, Volume 22, Issue 5, pp 1237-1240
Date: 15 Nov 2012

Sandra Harding (ed): The Postcolonial Science and Technology Reader

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In 1998, the American philosopher Sandra Harding announced the beginning of “a second historiographic revolution” in the history of science: Three decades after Thomas Kuhn and others had turned their view towards “the historical integrity of […] science in its own time”

Thomas S. Kuhn (1970), p. 9; cited in Sandra Harding (1998), p. 1.

with respect to economic, political, social and cultural circumstances, postcolonial science and technology studies started to add a geographical dimension to the historiography of science. Transcending the European frame of reference, this new approach wanted to address the history of non-European science and technology projects and the relationships with their European counterparts.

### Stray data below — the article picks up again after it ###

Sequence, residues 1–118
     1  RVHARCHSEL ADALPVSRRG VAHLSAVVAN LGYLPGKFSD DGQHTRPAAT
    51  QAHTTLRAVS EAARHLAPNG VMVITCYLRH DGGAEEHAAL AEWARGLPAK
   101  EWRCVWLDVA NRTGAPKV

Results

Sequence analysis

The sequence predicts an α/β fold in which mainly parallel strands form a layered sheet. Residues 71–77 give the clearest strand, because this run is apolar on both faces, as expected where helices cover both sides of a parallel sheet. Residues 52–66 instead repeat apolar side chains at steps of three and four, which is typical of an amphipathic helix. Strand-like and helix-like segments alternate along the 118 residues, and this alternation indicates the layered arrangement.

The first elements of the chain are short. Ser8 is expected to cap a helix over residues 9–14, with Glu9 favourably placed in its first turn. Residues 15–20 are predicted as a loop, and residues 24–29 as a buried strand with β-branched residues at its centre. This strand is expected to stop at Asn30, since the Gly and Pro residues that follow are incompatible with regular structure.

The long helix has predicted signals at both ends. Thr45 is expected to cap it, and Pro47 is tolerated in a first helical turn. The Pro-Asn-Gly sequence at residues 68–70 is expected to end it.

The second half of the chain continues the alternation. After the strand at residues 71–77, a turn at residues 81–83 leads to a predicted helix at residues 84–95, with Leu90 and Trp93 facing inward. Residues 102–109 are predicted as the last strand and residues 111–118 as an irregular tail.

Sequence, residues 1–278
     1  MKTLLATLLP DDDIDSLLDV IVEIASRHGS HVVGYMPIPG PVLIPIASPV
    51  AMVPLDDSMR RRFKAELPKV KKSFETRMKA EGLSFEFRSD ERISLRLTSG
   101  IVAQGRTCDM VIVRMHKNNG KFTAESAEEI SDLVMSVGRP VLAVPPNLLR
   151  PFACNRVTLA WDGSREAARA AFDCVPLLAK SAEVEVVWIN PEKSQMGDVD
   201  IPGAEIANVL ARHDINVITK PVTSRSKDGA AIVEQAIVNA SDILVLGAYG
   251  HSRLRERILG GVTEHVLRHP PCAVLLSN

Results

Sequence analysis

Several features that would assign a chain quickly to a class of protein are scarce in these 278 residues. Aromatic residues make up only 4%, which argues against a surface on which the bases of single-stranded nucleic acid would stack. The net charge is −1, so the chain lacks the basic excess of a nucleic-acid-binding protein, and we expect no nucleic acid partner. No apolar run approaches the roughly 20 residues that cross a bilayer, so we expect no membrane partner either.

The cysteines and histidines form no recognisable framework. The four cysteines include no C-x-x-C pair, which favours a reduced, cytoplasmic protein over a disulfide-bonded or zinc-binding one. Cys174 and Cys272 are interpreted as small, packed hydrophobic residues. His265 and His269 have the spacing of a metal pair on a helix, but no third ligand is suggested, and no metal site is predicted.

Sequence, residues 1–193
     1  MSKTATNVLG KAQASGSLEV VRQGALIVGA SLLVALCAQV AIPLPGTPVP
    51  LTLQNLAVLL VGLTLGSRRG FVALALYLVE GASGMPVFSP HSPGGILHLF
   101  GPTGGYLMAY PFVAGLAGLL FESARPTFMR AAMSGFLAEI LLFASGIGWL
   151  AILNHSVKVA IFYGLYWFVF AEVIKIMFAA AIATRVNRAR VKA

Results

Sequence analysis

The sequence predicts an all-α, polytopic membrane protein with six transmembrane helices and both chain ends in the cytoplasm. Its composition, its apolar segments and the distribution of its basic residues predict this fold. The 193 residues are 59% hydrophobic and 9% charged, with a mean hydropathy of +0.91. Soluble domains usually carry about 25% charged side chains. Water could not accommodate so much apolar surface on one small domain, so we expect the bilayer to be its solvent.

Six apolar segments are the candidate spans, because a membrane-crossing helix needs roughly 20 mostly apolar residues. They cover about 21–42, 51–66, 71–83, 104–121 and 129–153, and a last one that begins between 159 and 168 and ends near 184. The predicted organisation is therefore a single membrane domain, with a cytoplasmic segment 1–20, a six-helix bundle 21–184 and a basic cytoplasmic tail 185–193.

Harding (1998), p. 5.

Today’s postcolonial science and technology studies analyse how Western imperialism and colonialism became inscribed into scientific theories and practices and how this inherent connection continues to shape encounters between ‘the West’ and ‘the rest’